Andrew Pratt has been on an incredible journey, one that has taken him partway around the world, led him to study five languages in addition to his mother tongue, and serve people on two continents.
It’s a journey that’s far from over, but has already resulted in him receiving the Pilgrim Medal, Defiance College’s highest honor.
The Pilgrim Medal is described as the most prestigious award offered by Defi- ance College.
It recognizes traits of reliance in self, pride in work, courage in conscience, strength in education, and faith in God.
A bronze medal may be awarded to graduating seniors who give the most promise of exemplifying these traits of character.
Pratt, a 2006 Pettisville High School graduate and son of Jim and Carolyn, was visiting with his DC advisor, Donald Buerk, a history professor, last February.
“He said, ‘Andrew, I think you’re an eligible candidate for this award. Why don’t you apply?’” Pratt said.
“I said okay, not thinking it was such a big deal. Oh well, no biggie, I’ll fill out an application and see where it goes, not expecting to get anything. I’m a student just like everyone else.”
He had to write an essay explaining his commitment to education, service, and faith in God.
“Those were the different aspects they wanted you to write on,” he said.
“I turned it in, and went on with life.”
During commencement, Sunday, May 6, when Pratt graduated summa cum laude with a bachelor’s degree in international and global studies with a minor in English, he was announced as winner of the Pilgrim Medal.
“I was sitting there, and they announced the Pilgrim Medal. I sat there and looked over to one side– there’s lots of Andrews– and I’m like, ‘Wait, that’s you! Get up there!’”
Mark Gordon, DC president, presented the award.
“I asked, ‘is there anything else?’
“He said, ‘You want to say something?’ and I said, ‘Well, of course! You can’t just receive some nice honor and not thank everyone.’”
Part of the journey that led to being on the podium with the DC president started several years ago, after he received a scholarship to be an exchange student in Japan for three months during the summer of 2005.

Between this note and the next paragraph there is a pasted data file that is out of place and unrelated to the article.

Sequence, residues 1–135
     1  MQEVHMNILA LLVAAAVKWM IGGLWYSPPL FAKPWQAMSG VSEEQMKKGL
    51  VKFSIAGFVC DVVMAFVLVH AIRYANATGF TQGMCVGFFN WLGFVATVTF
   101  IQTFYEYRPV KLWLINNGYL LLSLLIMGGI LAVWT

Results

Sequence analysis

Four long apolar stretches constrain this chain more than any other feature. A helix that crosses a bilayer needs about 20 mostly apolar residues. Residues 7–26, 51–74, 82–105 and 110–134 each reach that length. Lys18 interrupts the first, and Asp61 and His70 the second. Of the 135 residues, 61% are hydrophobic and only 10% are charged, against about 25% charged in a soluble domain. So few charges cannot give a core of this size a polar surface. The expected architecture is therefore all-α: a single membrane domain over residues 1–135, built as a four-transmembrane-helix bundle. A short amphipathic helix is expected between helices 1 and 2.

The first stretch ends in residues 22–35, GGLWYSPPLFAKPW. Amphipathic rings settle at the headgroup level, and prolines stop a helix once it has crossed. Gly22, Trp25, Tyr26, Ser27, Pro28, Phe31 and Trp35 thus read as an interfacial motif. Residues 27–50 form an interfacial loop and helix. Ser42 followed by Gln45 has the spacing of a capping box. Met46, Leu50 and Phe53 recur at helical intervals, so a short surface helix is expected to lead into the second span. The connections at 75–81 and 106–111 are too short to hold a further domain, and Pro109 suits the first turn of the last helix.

Pratt said he had fallen in love with Asia before his Japanese experience, “but that was the culminating event, you could call it. That was my dream, to be an exchange student.”
In college, he applied and was accepted to become a scholar in DC’s McMaster program.
He performed educational research to teach basic English in Cambodia.
Pratt developed a program that presented an image, such as a cup, with the word “cup” in both Khmer and English.
He chose objects one would see in a hotel or elsewhere in the hospitality industry.
In December 2006 and January 2007, he and other scholars traveled to the Cambodian capital of Phnom Penh, where they spent a month.
Using the program he designed, he taught basic English to battered women at the Cambodia Women’s Crisis Center.
When he returned, he presented his results at a symposium.
Traveling to Cambodia wasn’t scary for the young man.
“I’d been to Philmont,” the Boy Scouts of America’s ranch high in the mountains of New Mexico, he said.
“I’d roughed it in the mountains. I was raised on a sheep farm. I was raised to expect the unexpected.
“You don’t know when that sheep is going to lamb. You don’t know when the ram is going to get angry and jump the fence. You don’t know when you’re going to fall off the horse, or out of the hay mow.
“You just have to be ready for anything. I’d felt pretty prepared.”
His preparedness came from a year of study, including finding someone who spoke Khmer in Napoleon.
He found the Cambodian people friendly and the experience “above and beyond” what he had anticipated.
For him, a highlight of the trip was finding a Church of Jesus Christ of Latter Day Saints– his church– in Cambodia.
“I saw the name of our church in Cambodian and this beautiful, nice chapel, and I said, ‘No way.’”
But Cambodia wasn’t Andrew’s only experience.
He was a missionary for his church to the Netherlands from 2008 to 2010.
“I had studied Japanese, Chinese, Spanish. I thought, ‘Heavenly Father, another language?’”
He spent nine weeks in Utah at the church’s missionary training center, “learning how to pray, how to sing, how to conjugate verbs” in Dutch.
He became a missionary leader, with 50 young missionaries under him.
“It was a great experience,” he said.
Even today, he still writes in his journal in Dutch.
“When I came back, it was Dec. 18.
“I celebrated Christmas with my family, which was awesome,” he said.
“Two weeks later, I started school, in English, and I had a Shakespeare class– talk about language diversity!”
The next step in Pratt’s future is a master’s degree in TESOL, or Teaching English to Speakers of Foreign Languages, and bilingual education at the University of Findlay.
Someday, he hopes to be a college professor, teaching English abroad.
Wherever Pratt’s journey takes him, it will certainly be interesting.